Thursday, October 31, 2013

The Fifth Estate (Rhoades)

Front Row at the Movies

“The Fifth Estate”
A Real-Life thriller

Reviewed by Shirrel Rhoades

The so-called three estates are the clergy, the nobility, and commoners. Later, Edmund Burke added the term fourth estate to refer to the press. A fifth estate is considered to be a group operating outside of society’s normal groupings.

For that reason, WikiLeaks has been described as a fifth estate.
The new film titled “The Fifth Estate” -- now playing at the Tropic Cinema -- is in fact a thriller based on the real-life turmoil surrounding Julian Assange, founder of WikiLeaks.

Directed by Bill Condon (“Dreamgirls,” “Kinsey”), the film tells the story how activist Julian Assange (played by Benedict Cumberbatch of “Star Trek Into Darkness”) and journalist Daniel Domscheit-Berg (Daniel Brühl of “Rush”) came together to found a tell-all website called WikiLeaks.

Starting off, WikiLeaks exposed offshore crime in the Cayman Islands, secrets of Scientology, and Sarah Palin’s email.

However, the situation gets dangerous when WikiLeaks starts releasing classified documents provided by US Army intelligence analyst Bradley Manning. Assange and Berg have a falling out over protecting sources. That leads to a coup, with Berg and his team blocking Assange's access to the WikiLeaks server.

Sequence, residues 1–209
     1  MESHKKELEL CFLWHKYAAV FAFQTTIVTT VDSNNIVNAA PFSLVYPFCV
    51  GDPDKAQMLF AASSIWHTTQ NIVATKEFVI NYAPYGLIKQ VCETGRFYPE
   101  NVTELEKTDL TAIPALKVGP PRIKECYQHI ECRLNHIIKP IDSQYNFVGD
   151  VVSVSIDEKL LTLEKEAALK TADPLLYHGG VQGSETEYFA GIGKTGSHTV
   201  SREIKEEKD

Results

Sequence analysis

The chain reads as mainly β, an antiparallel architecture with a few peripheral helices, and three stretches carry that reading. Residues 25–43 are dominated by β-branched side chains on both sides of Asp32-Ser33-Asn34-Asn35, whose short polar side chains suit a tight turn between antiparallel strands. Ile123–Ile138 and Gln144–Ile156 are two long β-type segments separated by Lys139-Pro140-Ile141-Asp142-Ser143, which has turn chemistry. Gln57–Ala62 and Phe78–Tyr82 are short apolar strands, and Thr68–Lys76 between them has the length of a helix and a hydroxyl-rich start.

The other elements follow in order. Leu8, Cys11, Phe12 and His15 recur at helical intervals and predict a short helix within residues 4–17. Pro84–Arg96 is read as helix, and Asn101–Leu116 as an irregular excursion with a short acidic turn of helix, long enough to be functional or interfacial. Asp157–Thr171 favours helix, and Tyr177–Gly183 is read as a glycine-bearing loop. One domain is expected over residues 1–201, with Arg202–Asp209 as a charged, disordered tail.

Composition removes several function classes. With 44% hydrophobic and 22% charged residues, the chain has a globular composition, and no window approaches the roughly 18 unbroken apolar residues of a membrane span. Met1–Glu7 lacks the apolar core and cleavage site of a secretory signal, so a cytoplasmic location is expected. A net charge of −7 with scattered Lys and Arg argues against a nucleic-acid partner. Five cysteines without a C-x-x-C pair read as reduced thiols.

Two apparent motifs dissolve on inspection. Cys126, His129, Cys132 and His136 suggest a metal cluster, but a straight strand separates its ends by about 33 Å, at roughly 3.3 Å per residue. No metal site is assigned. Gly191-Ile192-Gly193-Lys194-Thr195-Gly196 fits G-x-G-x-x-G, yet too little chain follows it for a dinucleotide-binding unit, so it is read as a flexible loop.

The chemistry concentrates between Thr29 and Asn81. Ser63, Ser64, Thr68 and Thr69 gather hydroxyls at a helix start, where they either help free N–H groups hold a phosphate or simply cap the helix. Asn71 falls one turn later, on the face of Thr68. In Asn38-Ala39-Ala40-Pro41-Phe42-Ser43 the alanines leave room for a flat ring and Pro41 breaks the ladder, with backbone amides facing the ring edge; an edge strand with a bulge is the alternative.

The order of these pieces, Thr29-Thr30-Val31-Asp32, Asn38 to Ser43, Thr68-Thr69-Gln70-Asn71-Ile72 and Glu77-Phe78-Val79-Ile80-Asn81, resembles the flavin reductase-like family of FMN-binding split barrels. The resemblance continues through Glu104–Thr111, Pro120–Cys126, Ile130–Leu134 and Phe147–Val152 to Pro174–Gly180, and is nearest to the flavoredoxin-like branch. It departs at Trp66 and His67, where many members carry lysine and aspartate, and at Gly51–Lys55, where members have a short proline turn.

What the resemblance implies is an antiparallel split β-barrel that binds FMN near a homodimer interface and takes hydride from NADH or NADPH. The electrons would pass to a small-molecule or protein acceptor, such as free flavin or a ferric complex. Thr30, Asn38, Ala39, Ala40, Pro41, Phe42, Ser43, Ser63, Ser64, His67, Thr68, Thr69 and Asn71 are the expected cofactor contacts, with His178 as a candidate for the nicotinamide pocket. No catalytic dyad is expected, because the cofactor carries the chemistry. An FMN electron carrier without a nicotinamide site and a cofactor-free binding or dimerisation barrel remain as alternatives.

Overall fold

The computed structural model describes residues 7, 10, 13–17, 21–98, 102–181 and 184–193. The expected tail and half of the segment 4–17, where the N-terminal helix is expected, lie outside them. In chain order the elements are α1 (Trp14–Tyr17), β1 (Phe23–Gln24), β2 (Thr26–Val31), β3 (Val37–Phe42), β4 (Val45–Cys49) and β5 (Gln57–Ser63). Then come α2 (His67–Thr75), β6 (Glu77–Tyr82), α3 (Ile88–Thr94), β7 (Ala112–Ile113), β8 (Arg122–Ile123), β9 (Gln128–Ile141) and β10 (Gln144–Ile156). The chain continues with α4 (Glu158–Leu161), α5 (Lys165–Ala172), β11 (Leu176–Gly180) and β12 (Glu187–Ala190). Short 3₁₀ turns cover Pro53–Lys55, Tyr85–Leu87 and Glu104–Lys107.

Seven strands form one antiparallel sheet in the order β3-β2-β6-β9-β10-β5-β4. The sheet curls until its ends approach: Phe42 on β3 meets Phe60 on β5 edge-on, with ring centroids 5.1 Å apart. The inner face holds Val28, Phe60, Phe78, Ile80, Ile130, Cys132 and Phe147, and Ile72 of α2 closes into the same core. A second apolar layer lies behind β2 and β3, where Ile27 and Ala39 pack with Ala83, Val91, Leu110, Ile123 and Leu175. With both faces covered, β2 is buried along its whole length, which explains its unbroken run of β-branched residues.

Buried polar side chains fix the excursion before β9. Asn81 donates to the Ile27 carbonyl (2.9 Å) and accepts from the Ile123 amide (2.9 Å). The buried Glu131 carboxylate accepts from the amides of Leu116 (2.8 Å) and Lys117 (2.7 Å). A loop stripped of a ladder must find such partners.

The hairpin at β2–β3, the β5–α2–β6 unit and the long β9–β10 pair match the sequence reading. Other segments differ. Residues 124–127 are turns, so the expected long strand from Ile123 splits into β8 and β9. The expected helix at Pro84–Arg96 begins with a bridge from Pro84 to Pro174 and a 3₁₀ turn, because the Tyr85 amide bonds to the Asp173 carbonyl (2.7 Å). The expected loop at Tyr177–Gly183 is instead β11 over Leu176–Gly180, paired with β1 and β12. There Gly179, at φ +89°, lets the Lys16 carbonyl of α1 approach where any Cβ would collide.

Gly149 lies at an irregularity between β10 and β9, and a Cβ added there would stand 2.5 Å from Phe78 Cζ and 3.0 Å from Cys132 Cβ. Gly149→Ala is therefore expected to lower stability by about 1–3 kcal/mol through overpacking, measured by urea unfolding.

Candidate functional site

And, as we know from newspaper headlines, the real-life Julian Assange is currently holed up in the Ecuadorian Embassy in London, evading charges of sexual assault that he calls a ruse to turn him over to the Americans. After all, the US government has reason to exterminate him.

Assange denounces this film, because it’s partially based on a book by his nemesis Daniel Berg. He calls it a “serious propaganda attack on WikiLeaks and the integrity of its staff.”

Benedict Cumberbatch actually met with Assange while researching his part in the film. The actor appears to be somewhat sympathetic. “No matter how you cut it,” says Cumberbatch, “he’s done us a massive service, to wake us up to the zombielike way we absorb our news.”

Maybe, maybe not. The film’s working title was “The Man Who Sold the World.”

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